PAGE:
Extending survey measures to children:
experience from the British Crime Survey
John Flatley, Home Office Statistics Unit
Katherine Grant, TNS-BMRB
Royal Statistical Society Social Statistics Section
10 May 2011, 5.00pm, at the Royal Statistical Society
(Tea from 4.30pm)
The British Crime Survey is a sample survey of the population resident in households in England and Wales. It has been running for 30 years but until recently has been restricted to adults. Since January 2009 its coverage has been significantly extended to include children aged 10-15 years.
Development of survey measures – TNS-BMRB speaker
Prior to extending the survey to children, TNS-BMRB carried out an extensive period of developing and testing. This included qualitative workshops with children to explore their experience and understanding of crime; cognitive testing and piloting of questions and an extended split-sample field trial. Lessons learned from this work will be shared and their implications discussed.
Estimating the levels of crime experienced by children – John Flatley
Applying existing legal definitions of offences to those incidents reported by children can result in minor incidents that are normal within the context of childhood behaviour and development being categorised as criminal. Conversely, too narrow a classification could omit incidents which while not being viewed as serious by some may inflict significant harm on victims. These issues are discussed together with options for presenting statistics which have been subject to a public consultation.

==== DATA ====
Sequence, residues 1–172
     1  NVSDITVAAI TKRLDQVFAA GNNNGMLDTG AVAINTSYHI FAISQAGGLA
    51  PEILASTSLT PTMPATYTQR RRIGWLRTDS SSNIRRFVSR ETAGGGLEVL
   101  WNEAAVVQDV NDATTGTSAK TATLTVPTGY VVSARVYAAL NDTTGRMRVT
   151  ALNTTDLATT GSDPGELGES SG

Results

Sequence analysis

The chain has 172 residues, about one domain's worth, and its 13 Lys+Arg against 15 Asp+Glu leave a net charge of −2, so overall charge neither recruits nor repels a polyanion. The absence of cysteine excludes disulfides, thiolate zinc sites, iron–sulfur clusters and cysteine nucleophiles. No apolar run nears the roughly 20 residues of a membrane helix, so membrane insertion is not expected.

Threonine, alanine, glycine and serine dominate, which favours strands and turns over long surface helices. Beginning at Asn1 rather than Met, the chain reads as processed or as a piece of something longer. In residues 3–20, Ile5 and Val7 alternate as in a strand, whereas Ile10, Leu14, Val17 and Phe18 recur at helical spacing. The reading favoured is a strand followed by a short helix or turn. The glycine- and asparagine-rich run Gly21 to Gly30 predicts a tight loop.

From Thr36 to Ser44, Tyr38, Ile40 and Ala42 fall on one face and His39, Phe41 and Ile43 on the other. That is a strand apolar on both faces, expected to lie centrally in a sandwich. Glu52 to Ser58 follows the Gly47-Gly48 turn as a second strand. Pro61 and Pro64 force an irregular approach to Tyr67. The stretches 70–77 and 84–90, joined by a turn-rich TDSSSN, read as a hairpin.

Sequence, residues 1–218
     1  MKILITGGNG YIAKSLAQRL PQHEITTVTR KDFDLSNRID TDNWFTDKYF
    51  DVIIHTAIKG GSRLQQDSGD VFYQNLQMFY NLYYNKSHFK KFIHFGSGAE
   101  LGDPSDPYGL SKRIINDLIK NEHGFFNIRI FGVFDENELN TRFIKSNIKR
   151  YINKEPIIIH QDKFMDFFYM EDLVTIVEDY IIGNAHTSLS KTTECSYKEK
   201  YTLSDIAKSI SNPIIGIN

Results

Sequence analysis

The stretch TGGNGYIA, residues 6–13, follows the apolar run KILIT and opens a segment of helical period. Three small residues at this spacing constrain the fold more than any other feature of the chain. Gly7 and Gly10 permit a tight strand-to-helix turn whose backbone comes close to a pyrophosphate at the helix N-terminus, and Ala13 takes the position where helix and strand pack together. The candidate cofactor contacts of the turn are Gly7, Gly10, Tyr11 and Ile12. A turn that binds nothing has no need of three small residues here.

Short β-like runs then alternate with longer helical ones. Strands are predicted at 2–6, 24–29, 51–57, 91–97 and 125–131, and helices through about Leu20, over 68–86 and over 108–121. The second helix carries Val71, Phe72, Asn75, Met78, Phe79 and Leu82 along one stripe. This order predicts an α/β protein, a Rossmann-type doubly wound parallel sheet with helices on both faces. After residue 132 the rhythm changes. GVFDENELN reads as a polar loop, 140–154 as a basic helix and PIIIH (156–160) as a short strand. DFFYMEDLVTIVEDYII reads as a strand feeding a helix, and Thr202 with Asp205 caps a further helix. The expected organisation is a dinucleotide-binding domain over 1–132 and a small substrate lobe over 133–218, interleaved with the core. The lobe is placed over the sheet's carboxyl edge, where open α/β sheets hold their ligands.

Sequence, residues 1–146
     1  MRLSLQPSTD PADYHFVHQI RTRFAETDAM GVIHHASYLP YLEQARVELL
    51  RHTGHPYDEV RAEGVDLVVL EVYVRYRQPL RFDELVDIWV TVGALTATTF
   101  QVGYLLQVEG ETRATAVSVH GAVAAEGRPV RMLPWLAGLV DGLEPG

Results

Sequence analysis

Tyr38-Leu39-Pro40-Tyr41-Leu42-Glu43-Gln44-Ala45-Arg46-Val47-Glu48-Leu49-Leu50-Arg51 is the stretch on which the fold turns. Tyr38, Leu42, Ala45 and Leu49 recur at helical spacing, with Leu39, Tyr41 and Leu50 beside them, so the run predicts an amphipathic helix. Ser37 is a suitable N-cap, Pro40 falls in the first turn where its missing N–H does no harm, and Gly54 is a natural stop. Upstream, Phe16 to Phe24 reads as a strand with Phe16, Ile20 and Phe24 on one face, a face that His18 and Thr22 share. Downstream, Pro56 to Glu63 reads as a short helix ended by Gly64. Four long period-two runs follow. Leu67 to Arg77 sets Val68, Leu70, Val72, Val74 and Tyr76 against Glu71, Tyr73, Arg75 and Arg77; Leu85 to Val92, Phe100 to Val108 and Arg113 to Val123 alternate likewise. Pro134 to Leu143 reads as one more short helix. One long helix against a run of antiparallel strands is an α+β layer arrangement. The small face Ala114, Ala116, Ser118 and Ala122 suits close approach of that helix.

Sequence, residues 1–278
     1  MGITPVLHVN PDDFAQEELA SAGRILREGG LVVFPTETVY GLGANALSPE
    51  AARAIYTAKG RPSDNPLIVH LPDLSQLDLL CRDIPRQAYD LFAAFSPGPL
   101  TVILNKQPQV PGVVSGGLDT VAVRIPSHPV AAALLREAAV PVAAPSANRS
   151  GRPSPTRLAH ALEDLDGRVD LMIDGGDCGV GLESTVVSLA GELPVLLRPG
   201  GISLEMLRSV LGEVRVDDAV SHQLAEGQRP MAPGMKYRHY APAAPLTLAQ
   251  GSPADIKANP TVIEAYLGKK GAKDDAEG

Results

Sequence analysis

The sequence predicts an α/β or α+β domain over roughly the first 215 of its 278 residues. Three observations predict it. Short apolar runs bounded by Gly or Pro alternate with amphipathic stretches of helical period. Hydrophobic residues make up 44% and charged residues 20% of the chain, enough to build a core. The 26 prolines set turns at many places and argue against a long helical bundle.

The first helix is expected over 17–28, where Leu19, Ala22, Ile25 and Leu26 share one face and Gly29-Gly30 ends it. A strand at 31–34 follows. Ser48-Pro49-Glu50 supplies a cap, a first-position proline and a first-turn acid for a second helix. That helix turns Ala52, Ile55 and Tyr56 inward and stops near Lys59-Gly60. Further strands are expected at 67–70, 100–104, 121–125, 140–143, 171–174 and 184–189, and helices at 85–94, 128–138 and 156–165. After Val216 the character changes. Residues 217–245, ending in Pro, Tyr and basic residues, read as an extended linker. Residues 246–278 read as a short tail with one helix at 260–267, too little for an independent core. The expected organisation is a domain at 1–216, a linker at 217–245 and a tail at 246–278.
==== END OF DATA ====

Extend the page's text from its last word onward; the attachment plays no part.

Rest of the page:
Attendance is free but pre-registration is recommended. You can register by email: email@example.com or by phone (020) 7638 8998. For a map and directions see www.rss.org.uk/findus. For further information contact John Flatley via firstname.lastname@example.org.